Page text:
Advocating for Nature-Based Solutions to Address Water Security

Jason Saundalkar speaks to Dake Rechsand CEO, Chandra Dake, about regional water security challenges, the impact of COP28 on water sustainability and game-changing nature-based solutions

Earlier in the year, at the 2023 United Nations Water Conference, the UAE Minister of Climate Change and the Environment, H.E. Mariam bint Mohammed Almheiri, discussed the UAE’s comprehensive and action-orientated approach towards water sustainability and its impact on the country’s security and economy-wide roadmap to achieve Net Zero emissions. She also confirmed that the 28th Conference of the Parties to the UN Framework Convention on Climate Change (COP28), which is scheduled to take place in Dubai later in the year, will place water security and sustainability front and centre on the global climate action agenda.

“We look forward to harnessing the positive momentum generated by the Water Action Decade, the UN 2023 Water Conference, and the Water Action Agenda when we welcome the world for COP28 in November,” she noted.

The focus on water sustainability and security is crucial as the Middle East and North Africa (MENA) region is one of the most water-scare regions in the world. A report published by the World Economic Forum in early 2023, said the following of the region: ‘For years, the water crisis has exacerbated conflict and political tensions. Moreover, the issue continues to significantly impact the health and wellbeing of people in the area, especially women and children. In fact, according to UNICEF, nearly 90% of children in the region live in areas of high or extremely high water stress.’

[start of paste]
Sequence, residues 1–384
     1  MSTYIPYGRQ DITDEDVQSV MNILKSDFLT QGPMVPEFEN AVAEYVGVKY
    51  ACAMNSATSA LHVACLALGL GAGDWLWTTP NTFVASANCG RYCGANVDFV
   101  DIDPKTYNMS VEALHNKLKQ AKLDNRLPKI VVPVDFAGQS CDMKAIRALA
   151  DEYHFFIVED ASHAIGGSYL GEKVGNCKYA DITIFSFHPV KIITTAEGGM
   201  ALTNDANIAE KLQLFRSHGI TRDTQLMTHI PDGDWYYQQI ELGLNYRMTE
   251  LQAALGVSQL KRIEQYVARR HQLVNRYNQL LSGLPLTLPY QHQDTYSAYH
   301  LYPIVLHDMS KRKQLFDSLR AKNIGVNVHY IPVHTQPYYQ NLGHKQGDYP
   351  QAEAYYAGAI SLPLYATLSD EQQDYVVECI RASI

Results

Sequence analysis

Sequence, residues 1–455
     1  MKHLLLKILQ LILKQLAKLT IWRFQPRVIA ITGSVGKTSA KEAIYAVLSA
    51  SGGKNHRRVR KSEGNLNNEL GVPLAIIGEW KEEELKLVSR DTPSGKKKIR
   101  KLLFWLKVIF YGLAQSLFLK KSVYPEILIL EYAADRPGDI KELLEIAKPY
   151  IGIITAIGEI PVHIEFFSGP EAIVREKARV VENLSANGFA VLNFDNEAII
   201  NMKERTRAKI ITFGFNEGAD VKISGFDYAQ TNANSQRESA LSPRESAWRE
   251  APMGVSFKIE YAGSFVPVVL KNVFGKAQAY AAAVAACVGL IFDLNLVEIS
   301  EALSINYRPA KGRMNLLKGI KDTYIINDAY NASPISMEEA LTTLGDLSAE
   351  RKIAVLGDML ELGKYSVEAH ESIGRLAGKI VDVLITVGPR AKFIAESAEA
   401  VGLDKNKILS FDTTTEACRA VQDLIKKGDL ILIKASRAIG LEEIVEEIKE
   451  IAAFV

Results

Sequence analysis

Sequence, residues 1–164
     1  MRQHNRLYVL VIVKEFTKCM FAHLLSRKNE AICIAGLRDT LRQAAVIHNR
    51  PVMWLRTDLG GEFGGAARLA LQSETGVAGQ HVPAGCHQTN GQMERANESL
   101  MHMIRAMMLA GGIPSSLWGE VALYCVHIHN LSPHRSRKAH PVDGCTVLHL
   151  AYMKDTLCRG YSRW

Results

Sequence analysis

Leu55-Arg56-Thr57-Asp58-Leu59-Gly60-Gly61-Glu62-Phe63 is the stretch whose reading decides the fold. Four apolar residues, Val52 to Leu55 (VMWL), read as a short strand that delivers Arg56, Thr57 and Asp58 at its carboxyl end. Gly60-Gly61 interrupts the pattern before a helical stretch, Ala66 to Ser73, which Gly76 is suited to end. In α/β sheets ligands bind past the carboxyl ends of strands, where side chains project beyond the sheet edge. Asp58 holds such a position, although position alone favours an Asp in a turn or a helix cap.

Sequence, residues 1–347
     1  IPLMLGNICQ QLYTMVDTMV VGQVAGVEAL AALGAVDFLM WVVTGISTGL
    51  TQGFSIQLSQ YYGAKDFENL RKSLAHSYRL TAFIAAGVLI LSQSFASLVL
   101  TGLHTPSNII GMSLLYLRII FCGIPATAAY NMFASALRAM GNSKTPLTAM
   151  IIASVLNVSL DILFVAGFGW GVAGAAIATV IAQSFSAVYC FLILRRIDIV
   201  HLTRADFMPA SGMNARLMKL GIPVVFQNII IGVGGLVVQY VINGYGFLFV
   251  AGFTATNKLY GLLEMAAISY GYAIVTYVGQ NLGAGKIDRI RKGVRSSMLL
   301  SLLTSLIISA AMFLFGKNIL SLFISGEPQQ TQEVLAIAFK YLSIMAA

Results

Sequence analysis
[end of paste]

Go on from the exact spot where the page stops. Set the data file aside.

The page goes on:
The upshot is the region’s governments are committed to addressing this critical challenge, with some already acting vigorously on their respective water-focused strategies to drive positive, sustainability-focused change.

Participation from the private sector on this issue is also growing and here, Big Project ME caught up with Chandra Dake, CEO of Dake Rechsand, who describes himself as an advocate of innovation and sustainability, with a focus on food security and water conservation.

As a company, Dake Rechsand is focused on sustainable technologies and nature-based solutions for carbon sequestration. The firm is said to have a VERRA-listed program and sets high standards for climate action and sustainable development. In recent years, it has developed several innovative solutions for water conservation and sustainable farming. In 2022, the firm launched a carbon sequestration program of 11m trees in the GCC region, which is listed on VERRA.

Discussing COP28 and the potential impact it may have on government policies in relation to construction practices and the usage/re-use of water in the region and beyond, Dake says, “COP28’s focus on water security is likely to influence global policies significantly. It’s anticipated to drive governments to reconsider their approach to construction practices by incorporating sustainability as a core principle. This implies fostering buildings and cities that are not only energy-efficient but also water-efficient.”